Review – King of New York
6 months ago
It's not a clarion call for social change.. yet. Yet is is a step in the right direction. I applaud the moral courage displayed by both of our Bishops at this time.
The full text of the bishops’ statement appears below.
Life and Death in our Commonwealth
By Bishops Francis X. DiLorenzo and Paul S. Loverde
As the leaders of Virginia’s two Catholic dioceses, we recently opposed five bills in the General Assembly aimed at widening the list of crimes for which death sentences could be rendered. Although the bills passed with very little debate about their moral implications, Gov. Timothy M. Kaine’s decision to veto them gives our Commonwealth a much-needed second chance to reflect on a system of punishment that has spiraled wildly out of control.
Celebration of our Commonwealth’s 400th anniversary and storied contributions to the life of our nation must come with the recognition that since Jamestown, our history has been marred by nearly 1,300 executions, more than any other state; that since 1976, we have executed more individuals (98) – nearly one in ten of the just over 1,000 total nationwide – than any state except Texas; that between 1908 and 1962, Virginia’s electric chair ended the lives of 236 people, 201 of whom were African-American males; and that in more recent decades, the disabled are among those who have been executed.
Even as states across our nation exhibit growing unease, restraint and moratoria on use of capital punishment (ten of the thirty-eight states in which it is lawful have suspended it), Virginians and their elected officials continue to apply the accelerator to a system of punishment that kills to teach that killing is wrong.
Our Commonwealth’s legacy, approach, and trajectory in the matter of capital punishment should give Virginians pause. That it has given Gov. Kaine sufficient cause to exercise his veto power is commendable; may citizens of our Commonwealth, and especially our legislators, join him in a deeper reexamination of our state’s use of this ultimate and irreversible sentence.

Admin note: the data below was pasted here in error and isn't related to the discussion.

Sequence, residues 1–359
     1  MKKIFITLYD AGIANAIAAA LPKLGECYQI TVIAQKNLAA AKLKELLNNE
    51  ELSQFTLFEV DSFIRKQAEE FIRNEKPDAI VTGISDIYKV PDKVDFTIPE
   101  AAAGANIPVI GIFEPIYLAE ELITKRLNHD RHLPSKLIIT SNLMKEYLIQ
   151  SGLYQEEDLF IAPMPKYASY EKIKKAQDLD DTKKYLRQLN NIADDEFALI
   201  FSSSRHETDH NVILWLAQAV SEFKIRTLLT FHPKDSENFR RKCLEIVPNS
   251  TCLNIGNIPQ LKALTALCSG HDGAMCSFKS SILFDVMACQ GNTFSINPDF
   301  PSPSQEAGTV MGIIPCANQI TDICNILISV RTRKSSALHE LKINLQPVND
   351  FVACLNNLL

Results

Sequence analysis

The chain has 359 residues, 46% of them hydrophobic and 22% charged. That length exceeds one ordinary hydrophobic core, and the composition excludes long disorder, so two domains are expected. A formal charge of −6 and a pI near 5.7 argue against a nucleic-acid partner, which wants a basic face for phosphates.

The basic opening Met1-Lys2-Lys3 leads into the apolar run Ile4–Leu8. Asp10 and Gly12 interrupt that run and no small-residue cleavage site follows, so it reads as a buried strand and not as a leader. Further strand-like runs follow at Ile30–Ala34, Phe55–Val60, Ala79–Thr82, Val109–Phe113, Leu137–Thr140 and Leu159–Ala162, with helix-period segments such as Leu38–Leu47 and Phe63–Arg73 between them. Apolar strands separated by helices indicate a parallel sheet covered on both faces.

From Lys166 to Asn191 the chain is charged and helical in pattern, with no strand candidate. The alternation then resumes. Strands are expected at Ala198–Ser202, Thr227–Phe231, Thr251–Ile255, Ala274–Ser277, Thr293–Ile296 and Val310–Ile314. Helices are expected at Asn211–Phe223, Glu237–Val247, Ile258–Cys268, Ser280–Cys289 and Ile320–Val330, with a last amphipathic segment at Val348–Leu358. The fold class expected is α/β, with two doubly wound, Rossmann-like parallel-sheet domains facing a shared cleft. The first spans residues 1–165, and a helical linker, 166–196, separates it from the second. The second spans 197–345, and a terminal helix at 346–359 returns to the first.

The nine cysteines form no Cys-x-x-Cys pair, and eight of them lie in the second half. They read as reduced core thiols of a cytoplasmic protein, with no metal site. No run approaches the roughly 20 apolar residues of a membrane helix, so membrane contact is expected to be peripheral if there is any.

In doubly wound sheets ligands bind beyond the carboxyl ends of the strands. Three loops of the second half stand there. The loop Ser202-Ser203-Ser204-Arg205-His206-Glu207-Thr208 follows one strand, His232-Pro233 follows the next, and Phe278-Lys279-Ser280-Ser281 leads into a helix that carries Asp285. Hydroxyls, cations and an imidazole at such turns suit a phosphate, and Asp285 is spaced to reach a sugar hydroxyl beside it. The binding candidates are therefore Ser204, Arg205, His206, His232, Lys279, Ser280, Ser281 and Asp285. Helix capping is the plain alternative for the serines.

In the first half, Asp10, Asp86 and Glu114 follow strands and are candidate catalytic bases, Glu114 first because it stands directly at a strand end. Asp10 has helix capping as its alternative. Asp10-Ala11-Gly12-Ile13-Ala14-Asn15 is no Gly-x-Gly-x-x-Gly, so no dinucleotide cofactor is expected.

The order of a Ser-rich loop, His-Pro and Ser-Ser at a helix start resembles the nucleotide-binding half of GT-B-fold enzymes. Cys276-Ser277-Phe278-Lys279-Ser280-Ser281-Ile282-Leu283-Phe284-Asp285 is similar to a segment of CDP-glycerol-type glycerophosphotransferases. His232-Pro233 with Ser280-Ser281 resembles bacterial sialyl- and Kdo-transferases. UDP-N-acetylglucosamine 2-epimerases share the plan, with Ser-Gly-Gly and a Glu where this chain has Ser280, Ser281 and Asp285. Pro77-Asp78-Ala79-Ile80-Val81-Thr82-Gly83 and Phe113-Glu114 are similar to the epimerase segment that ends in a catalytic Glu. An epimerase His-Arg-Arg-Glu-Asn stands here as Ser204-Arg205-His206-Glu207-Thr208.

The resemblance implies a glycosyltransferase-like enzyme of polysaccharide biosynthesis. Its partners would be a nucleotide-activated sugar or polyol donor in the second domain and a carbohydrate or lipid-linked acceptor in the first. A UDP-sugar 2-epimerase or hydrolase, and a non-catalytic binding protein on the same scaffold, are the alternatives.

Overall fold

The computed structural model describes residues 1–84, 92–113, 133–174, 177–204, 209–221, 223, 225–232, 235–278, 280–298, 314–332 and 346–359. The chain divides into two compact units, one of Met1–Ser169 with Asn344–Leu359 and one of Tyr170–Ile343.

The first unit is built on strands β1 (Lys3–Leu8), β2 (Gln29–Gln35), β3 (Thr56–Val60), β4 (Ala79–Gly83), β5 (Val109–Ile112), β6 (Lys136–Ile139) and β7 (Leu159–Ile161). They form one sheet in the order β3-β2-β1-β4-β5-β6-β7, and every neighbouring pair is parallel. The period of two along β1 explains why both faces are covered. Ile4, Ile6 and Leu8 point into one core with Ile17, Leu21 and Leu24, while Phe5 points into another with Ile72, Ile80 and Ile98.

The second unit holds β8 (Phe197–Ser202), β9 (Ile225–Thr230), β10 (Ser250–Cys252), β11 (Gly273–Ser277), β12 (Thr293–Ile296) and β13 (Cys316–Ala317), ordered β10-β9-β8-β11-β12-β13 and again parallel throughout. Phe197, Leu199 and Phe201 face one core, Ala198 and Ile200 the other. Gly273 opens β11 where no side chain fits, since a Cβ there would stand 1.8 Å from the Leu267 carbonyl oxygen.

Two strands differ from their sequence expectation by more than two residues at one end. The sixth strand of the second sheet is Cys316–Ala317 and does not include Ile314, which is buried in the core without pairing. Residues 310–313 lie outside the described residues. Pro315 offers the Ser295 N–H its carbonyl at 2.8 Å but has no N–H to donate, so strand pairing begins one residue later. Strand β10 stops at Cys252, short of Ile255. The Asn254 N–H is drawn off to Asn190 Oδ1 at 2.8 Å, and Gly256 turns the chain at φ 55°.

Our perspective on this matter is enhanced by our personal experiences. Together with faithful prison ministry volunteers at many of our Commonwealth’s 180 corrections facilities, we visit and pray with the incarcerated; so too, we have met the victims’ families and witnessed first-hand their deep-seated grief and anger at the loss of loved ones. We pray with victims for a healing that no further loss of life can bring, even as we pray that justice be served to those who commit crimes.
A just punishment must be consistent with both the demands of justice and with respect for human life and dignity. Although often difficult or painful to acknowledge, respect for life applies to all, even the perpetrators of the most terrible acts imaginable. Later this week, on Good Friday, we will call to mind the mercy shown by Jesus Christ in his words to the thief on the cross: “Today you will be with me in paradise.” Each of us is called to likewise respect the life and dignity of every human being. Even when the criminal, the thief, denies the dignity of others, we must still recognize that his dignity is, quite literally, a given: a gift from God neither earned nor lost through behavior.
Our consciences, therefore, call us to defend human life and dignity from conception to natural death with maximum determination. In fact, whenever an execution is scheduled in Virginia, we have called for a commutation of the death sentence to life without the possibility of parole. Because bloodless means of punishment are more in keeping with the offender’s human dignity, society must, we believe, limit itself to those means whenever possible. Our Catholic tradition teaches that the death penalty should only be used when, in the words of Pope John Paul II, “it would not be possible otherwise to defend society.” In similar words, we recently joined with our fellow U.S. bishops in A Culture of Life and the Penalty of Death: “No matter how heinous the crime, if society can protect itself without ending a human life, it should do so.”
Applying these principles to the Commonwealth of today, we are convinced that our government, equipped with an effective system of incarceration and the availability of a life-without-parole sentence, has no business imposing or carrying out death sentences. We therefore call on Virginia’s General Assembly members to sustain the Governor’s vetoes.
Even those who do not share our firm conviction – that the death penalty cannot be justified when non-lethal means are sufficient to protect society – should be able to agree on this much: Given Virginia’s unusually frequent recourse to the death penalty, the last thing needed is to look for even more ways to apply it.
Citizens of our Commonwealth stand at a crossroads: The vital choice before us – raised by the General Assembly’s approval of death-penalty expansions and Governor Kaine’s subsequent rejection of them – is whether Virginia’s death penalty should be curbed or expanded. As we weigh the decision at hand, may we be mindful of how the price of capital punishment extends – far beyond those executed – to the very society which condones the taking of life.